The Rise of DeFi: Hype or Opportunity?
What does the burgeoning number of decentralized finance products using Ethereum mean for institutional investors?
While the early news around crypto predicted the sudden emergence of a new financial world, many investors learned fairly quickly that the most popular cryptocurrency, bitcoin, was actually quite limited. Like most traditional assets, you can only do five things with bitcoin: buy, borrow, hold, lend, and sell. These limitations don’t need to apply to more sophisticated forms of cryptocurrency, however. Tapping a more powerful blockchain than bitcoin’s opens up more use cases – such as creating innovative decentralized finance products on the Ethereum blockchain.
The basics of DeFi
A decentralized finance (DeFi) system allows people to create financial products or “smart contracts” that execute actions automatically on the blockchain – without any bank, brokerage, exchange, or corporation acting as an intermediary. This freedom has unleashed great experimentation in creating novel uses for DeFi – such as auctioning off non-fungible (unique) tokens that have famously fetched millions. But there are scores of other more day-to-day uses, as we’ll explore ahead.
DeFi is an $80 billion market
At the end of July 2021, the market capital for DeFi products was hovering near $80 billion. While that was down from its May peak of more than $89 billion, pundits expect the figure to rise in the coming year as DeFi projects mature, and as the cryptocurrency industry makes progress on its highly public goal of lessening its environmental impact.
DeFi offers immense freedom and creativity…
“What decentralized finance shows us is that financial instruments can move entirely to the blockchain,” says Philip Gradwell, Chief Economist at Chainalysis, the blockchain data platform. Without the raft of regulations and oversight that other financial products carry, the innovative uses for DeFi are only limited by imagination and creativity of the people writing the smart contracts that govern how any specific product functions.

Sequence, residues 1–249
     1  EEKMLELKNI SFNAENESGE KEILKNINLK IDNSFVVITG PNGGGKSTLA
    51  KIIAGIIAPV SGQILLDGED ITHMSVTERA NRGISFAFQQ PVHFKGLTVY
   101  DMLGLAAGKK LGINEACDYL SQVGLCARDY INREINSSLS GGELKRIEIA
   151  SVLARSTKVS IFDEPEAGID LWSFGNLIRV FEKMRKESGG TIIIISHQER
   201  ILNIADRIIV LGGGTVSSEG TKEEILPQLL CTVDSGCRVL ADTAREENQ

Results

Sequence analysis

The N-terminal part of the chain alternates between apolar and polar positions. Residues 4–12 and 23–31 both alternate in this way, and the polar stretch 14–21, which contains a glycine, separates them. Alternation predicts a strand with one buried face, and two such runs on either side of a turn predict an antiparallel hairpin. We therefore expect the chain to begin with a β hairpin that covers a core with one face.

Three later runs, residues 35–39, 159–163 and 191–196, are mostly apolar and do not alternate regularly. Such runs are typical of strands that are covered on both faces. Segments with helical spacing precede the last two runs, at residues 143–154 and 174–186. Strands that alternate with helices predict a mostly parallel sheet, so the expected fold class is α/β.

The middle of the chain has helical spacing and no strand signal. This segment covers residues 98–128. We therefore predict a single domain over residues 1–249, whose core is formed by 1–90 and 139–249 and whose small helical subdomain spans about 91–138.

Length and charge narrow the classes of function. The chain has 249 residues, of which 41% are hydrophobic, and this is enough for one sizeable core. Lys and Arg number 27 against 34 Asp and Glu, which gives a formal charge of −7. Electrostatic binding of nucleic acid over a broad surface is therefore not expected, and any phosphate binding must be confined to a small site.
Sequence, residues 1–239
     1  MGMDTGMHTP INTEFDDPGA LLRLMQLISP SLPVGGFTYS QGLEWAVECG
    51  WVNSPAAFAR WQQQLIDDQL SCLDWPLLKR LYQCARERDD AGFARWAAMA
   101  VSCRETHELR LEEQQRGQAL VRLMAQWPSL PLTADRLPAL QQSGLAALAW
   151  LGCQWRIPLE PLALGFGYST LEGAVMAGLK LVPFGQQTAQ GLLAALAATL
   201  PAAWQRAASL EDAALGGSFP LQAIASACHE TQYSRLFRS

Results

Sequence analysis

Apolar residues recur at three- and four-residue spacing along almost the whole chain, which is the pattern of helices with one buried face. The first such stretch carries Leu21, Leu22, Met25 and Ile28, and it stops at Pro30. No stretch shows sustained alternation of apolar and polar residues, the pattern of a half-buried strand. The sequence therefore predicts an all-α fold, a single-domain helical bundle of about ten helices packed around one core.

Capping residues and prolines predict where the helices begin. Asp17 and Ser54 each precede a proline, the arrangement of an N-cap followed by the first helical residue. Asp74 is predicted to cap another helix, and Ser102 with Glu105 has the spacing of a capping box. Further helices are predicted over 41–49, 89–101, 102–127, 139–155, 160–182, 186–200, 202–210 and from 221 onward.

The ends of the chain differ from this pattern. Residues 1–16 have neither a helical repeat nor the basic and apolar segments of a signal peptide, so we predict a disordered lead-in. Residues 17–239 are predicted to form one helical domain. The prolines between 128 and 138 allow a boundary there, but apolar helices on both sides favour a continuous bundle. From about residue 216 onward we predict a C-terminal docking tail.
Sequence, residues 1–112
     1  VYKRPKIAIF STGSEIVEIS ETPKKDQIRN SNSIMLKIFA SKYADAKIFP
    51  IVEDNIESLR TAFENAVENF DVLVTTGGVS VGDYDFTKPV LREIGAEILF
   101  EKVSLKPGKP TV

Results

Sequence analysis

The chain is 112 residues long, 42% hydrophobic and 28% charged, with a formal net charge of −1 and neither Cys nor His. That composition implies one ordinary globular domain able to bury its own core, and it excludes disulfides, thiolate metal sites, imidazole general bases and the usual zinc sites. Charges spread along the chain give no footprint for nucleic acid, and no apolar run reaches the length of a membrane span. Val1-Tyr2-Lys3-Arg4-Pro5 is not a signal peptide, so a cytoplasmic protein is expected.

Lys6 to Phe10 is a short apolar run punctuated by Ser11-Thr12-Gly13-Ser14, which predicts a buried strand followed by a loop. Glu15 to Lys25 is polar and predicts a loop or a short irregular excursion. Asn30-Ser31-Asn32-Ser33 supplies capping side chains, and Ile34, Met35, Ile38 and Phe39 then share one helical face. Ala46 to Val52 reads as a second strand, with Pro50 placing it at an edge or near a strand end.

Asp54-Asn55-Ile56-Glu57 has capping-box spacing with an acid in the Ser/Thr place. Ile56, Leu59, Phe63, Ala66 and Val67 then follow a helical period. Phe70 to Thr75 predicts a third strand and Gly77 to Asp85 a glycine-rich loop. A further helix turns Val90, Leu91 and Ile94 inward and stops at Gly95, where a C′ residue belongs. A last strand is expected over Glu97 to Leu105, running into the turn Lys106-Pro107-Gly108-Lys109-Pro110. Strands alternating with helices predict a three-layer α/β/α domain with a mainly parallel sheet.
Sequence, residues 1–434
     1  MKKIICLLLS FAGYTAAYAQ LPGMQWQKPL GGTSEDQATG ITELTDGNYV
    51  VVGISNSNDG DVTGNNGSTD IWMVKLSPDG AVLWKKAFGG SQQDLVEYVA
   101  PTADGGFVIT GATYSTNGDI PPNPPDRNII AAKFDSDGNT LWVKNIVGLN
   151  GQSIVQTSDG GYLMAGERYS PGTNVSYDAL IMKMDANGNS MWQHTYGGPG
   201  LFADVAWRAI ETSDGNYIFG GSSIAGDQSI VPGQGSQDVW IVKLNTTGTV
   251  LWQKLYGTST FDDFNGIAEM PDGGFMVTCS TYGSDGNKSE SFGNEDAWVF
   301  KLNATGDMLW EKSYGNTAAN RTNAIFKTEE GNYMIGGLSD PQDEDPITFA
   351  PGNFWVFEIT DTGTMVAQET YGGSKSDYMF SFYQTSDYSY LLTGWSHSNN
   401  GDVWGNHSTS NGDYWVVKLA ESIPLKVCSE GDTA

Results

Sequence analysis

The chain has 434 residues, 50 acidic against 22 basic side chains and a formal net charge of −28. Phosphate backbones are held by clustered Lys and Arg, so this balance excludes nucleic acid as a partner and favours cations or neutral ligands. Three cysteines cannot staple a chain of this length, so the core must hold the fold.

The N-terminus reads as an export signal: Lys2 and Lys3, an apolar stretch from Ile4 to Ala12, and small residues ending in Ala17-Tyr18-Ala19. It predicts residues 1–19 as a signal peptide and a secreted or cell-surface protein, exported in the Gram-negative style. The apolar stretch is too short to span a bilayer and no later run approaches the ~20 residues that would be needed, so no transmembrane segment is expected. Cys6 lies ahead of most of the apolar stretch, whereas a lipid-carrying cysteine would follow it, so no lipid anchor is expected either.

“With DeFi, you can basically create anything that you want, using other cryptocurrencies and stablecoins to fund new digital assets and products that are financially interesting, without asking permission from any gatekeeper or regulator,” says Gradwell. The aforementioned non-fungible tokens (NFTs) have received great attention, and people are writing DeFi scripts on Ethereum to do other fun stuff like lotteries. “Creating fair, no-loss lotteries that pay out randomly is a popular use of DeFi right now,” Gradwell says.
That said, borrowing and lending are the most common uses. “Investors are also writing complex derivatives contracts that are executed automatically on the blockchain,” says Gradwell. Margin trading and currency swaps are other frequent uses for DeFi. And soon, you’ll see firms that specialize in creating DeFi products targeted to institutional investors.
…and great risk if you skimp on research
On the bad side, creative DeFi products can carry severe risk. For example, in the more naïve years of 2016 and 2017, businesses issued troves of new coins to obscure efforts to raise equity, inviting nasty legal trouble. Scams abound, and even sophisticated investors still fall for them. In June 2021, for example, billionaire entrepreneur Mark Cuban revealed that he had been trading a DeFi token that crashed to zero in a single day and turned out to be a “rug pull” scam designed to fleece everyone but the issuers. He admitted that he had failed to do adequate research.
Before investing with a DeFi crypto product at any non-trivial level, wise investors – institutional and retail – will, of course, confirm that the issuers and their platforms are sound and solvent. They’ll also investigate the blockchain data to gauge risks and the probability that they’ll see the benefits they’re hoping for. Fortunately, the blockchain used most for DeFi – Ethereum – empowers investors to do thorough research.